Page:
New Philly office must protect young people from harms caused by agencies designed to protect them | Opinion
As the city opens a youth ombudsperson office, two young people with experience in foster care group placements and the justice system advise Philly officials on building trust with vulnerable youth.
In June, Philadelphia celebrated a major victory with the establishment of a youth ombudsperson office and the funding to support it.
We hope that when this office is formed, it has the authority to provide a local, easily accessible, and independent way to collect and investigate concerns from youth and families about safety and services while they are in foster care group placements and in the justice system in residential placements. The challenge now is to make sure the position is implemented correctly and with true power to help youth.
As young people with experience in these systems, we, along with our colleagues from Juvenile Law Center’s Youth Advocacy Program, testified before City Council back in April to explain why such an office is long overdue. We hope that Mayor Jim Kenney and City Council understand how important it is to have this office remain fully independent from the Philadelphia Department of Human Services (DHS) and to have subpoena power.
We know all too well the unsafe situations that have continued while kids have been under DHS care. Too many horrific situations took place under the supervision of facilities under DHS contract. Tragedies like the killing of our friend David Hess at Wordsworth Academy, a place where many others were also put at risk. Tragedies experienced by those harmed at Glen Mills and Devereaux while grievance after grievance from youth went ignored. DHS pulled contracts with these facilities too late — only after kids were harmed and the abuse was publicly exposed by the media. This is unacceptable.
Most importantly, the Philadelphia Mayor’s Office must ensure transparency and increase safety measures for youth by putting the office under the city’s inspector general. This is critical so youth feel they can trust the process of making reports of mistreatment with assurance that there is no conflict of interest if the ombudsperson investigates grievances against DHS at facilities where DHS oversees or holds contracts.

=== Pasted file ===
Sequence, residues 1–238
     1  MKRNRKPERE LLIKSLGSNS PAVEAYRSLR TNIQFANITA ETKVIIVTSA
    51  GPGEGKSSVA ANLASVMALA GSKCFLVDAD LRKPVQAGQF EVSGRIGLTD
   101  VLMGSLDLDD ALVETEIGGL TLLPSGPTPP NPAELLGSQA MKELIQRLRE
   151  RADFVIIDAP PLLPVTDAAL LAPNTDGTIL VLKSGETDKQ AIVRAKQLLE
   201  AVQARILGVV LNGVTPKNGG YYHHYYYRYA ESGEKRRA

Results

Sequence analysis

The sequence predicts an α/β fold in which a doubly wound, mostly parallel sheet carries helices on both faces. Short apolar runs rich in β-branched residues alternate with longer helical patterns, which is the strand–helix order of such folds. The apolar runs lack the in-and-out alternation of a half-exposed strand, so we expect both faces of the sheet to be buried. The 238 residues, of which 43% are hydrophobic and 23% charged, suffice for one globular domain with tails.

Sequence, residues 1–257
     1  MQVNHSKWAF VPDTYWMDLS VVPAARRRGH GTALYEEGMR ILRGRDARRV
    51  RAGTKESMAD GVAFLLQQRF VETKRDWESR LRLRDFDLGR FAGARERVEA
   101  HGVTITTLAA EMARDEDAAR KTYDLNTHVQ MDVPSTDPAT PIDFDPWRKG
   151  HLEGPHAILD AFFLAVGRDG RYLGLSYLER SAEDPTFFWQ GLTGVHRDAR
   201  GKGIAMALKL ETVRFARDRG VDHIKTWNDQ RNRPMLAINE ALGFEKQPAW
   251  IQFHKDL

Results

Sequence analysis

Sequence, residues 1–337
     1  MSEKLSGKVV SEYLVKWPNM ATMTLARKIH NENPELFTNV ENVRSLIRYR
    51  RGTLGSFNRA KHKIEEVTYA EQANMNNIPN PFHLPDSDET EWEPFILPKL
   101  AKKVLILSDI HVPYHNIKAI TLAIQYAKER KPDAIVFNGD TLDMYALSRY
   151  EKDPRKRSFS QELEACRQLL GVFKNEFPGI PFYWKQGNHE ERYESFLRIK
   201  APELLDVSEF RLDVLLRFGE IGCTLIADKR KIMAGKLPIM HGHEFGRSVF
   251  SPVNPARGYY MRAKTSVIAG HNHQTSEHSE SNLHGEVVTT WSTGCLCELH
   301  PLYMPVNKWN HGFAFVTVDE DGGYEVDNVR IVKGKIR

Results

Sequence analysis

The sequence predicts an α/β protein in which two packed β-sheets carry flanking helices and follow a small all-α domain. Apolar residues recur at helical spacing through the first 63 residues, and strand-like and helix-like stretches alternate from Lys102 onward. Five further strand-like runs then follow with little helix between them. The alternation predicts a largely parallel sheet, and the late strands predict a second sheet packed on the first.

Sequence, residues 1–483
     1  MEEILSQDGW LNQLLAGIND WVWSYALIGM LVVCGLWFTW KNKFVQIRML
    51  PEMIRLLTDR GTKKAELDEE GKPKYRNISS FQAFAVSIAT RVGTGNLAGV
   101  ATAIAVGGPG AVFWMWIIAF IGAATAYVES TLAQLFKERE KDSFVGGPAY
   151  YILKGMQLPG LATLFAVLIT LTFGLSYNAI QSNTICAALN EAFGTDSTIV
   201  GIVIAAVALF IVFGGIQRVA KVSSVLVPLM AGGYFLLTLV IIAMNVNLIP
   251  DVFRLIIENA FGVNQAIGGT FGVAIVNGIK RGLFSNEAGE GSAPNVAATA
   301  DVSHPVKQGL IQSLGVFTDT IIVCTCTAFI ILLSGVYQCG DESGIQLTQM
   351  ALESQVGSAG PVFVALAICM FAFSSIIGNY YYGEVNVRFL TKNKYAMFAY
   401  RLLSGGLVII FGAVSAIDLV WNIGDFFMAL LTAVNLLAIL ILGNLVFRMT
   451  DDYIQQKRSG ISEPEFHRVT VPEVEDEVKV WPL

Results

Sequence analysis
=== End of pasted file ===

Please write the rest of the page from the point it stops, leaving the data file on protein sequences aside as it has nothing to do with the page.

DHS has failed us young people too many times; we want to ensure youth feel they can trust this office and our county to protect us. Without this assurance, we do not believe youth will feel any level of trust to report harm. We want transparency and a process with an outside entity who would help hold people like DHS staff accountable for our care, well-being, and safety. We believe if the Department of Human Services was doing its job well, we wouldn’t have had to call for an independent office in the first place.
As the city moves to create this office, we hope that they consider our voices and the voice of our peers about what we would like to see the office prioritize.
The city must ensure that the ombudsperson’s office responds within a timely manner to youth concerns; we recommend responding to youth within 24 hours. We also hope that after youth make a report, the office has a team of dedicated people who will work with youth to plan for their next steps after the grievance, including ensuring that youth are protected from backlash and retaliation.
The city should consider individuals with lived experience in residential facilities and/or with extensive background and knowledge of what commonly happens in these facilities when hiring for the ombudsperson. We want the leader of this office to understand the challenges youth face in our county, and in these systems and institutions. This means working in collaboration with youth in Philadelphia to understand their concerns and create peer supports.
We want an ombudsperson office to help take power back for youth and ensure we are never put in unsafe environments. We thank the mayor and Council for approving the creation of this office and hope that the staff in this office are dedicated to protecting youth who are most vulnerable. All youth deserve to be in homes with people who love and care for them, and not at risk of harm in institutions. We deserve to have an ombudsperson and adults who will hear our experiences and hold those caring for us accountable when we are hurt, neglected, unsafe, and put at risk. The youth of Philadelphia deserve all this and more.
Qilah David is a Juveniles for Justice Youth advocate and a member of the Youth Advocacy Program at Juvenile Law Center. Duane Price is a student at Community College of Philadelphia and a member of the group Youth Fostering Change in the Youth Advocacy Program at Juvenile Law Center. Price also serves as a youth advocate for the National Youth Advisory Board with the National Association for the Counsel of Children.